BINGHAMTON, NY (WSKG) — More vaccines are coming to the Southern Tier, but some rural counties say the allotments they receive from the state still are not enough to vaccinate the growing group of eligible New Yorkers.
Health officials in Chenango County said they are still getting the same number of doses they got when the vaccine first became available. Weekly shipments from the state are typically 200 or 300 doses and are designated for specific groups.
Isaiah Sutton, with the Chenango County Health Department, said the vaccines they receive are reserved for essential workers and people living in congregate care settings, per the state’s instructions.
Only 45,000 residents live in Chenango County. Roughly one in five people are over the age of 65, according to 2019 population estimates by the U.S. Census Bureau. But Sutton said the share of vaccines allocated by the state is not enough for the county to open up appointments to other eligible groups, like seniors and people with underlying health conditions.
As of Wednesday, the county had a waiting list of more than 1,500 people who are 65 and older. Sutton later said the county is beginning to see a large number of people who have been vaccinated at other outlets, like mass vaccination sites and pharmacies, and are removing them from the waitlist.
“We really hope that we’ll begin receiving additional allotments so that we can become a larger player in that group of vaccinators, but until then we want folks to get vaccinated wherever they can,” Sutton said.
The county will hold a clinic to vaccinate people age 60 and older with 100 doses on Monday, but that number is only set aside for the county’s seniors every couple of weeks. Sutton said it puts a brake on the ability of the Chenango health department to vaccinate.
People 60 and older can also obtain the vaccine at pharmacies, but there are only two in the entire county that have doses: Bartle’s Pharmacy in Oxford and Walgreens in Norwich. Sutton said four other pharmacies applied to receive doses, but had not acquired any as of Wednesday.
In a statement, New York State Department of Health spokesperson Erin Silk said the recent authorization of the Johnson & Johnson vaccine, which requires a single shot, will help the state expand its supply to counties.
“The state and the counties share the same goal – to get vaccines into arms regardless of the vaccine site location,” Silk wrote. “We are encouraged that the recent uptick in the newly authorized J&J vaccine will help alleviate some of the demand, particularly in rural areas. Allocation of the federal vaccine continues to be based on regional population of those who are eligible to receive it.”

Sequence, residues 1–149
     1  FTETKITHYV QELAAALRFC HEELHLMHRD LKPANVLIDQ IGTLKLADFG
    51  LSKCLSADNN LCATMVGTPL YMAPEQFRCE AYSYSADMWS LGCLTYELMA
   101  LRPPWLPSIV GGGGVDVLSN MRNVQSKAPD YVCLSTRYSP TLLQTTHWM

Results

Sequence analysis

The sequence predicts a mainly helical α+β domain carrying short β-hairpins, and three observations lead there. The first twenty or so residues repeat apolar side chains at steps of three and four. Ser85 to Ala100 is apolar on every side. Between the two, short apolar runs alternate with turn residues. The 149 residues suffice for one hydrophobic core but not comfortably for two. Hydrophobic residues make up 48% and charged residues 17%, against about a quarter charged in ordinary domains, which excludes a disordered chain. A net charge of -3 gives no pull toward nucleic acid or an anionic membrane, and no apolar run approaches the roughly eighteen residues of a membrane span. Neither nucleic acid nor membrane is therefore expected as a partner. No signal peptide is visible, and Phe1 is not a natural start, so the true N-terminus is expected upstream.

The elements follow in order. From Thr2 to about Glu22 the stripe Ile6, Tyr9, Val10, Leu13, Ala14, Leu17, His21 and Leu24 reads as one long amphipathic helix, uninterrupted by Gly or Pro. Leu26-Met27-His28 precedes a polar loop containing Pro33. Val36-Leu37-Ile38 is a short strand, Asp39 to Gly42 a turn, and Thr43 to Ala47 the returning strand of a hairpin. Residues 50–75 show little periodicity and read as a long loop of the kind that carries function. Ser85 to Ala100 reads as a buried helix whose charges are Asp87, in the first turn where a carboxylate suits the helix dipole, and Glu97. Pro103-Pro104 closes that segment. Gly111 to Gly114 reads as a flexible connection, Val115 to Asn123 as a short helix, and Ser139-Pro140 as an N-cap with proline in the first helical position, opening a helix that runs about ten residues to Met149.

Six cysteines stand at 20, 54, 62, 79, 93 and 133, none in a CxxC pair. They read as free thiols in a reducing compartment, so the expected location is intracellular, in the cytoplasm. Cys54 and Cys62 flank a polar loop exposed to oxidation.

Silk noted the vaccination rate of Chenango County is not far behind the statewide total: 19.2 percent of the county’s population has received at least one vaccine dose, according to the state’s vaccine tracker, while 20.4 percent of New Yorkers have received the first shot.
But neighboring Broome County, a more urban hub in the Southern Tier and host of the only mass vaccination site in the region, has vaccinated nearly 25 percent of its residents with at least one dose. County officials there received a shipment of 1,170 Pfizer doses and said appointments are becoming more readily available to larger eligibility groups, like seniors and people with health conditions.
Broome County is close to four times the size of Chenango County, but based on anticipated vaccine allocations reported by each county this week, is receiving nearly six times as many vaccines as Chenango County. That’s in addition to what the county’s pharmacies receive from the state, which is a separate allotment, and what is available at the Johnson City mass vaccination site.
Two hours away in Steuben County, things are starting to look up. County Manager Jack Wheeler said they received a “tray” of Pfizer doses, or 1,170 vaccines. They are using the shipment to vaccinate seniors over the course of three clinics this week.
“This week really is the first time that we have seen what I would, in my own humble opinion, say is an adequate vaccine supply,” Wheeler added.
In Steuben County, 15.7 percent of the population has received at least one dose. Wheeler said residents have traveled to Rochester and Binghamton when vaccines were not available in the county. With harsh winter conditions and a lack of public transportation corridors in some rural parts of the county, he added, getting there has proved challenging.
The state plans to open a mass vaccination site in Steuben County at Corning Community College in the coming weeks, as well as one on the SUNY Oneonta campus in Otsego County. Those will reduce necessary travel for Steuben and Chenango residents, respectively.
According to Sutton, the Oneonta site is expected to open in a couple of weeks, although the state has not announced a firm date, with appointments seven days a week and 1,000 vaccines a day.
“Those discussions are happening now,” Wheeler said of the Corning site. “My hope is in the near-term—in weeks, not months.”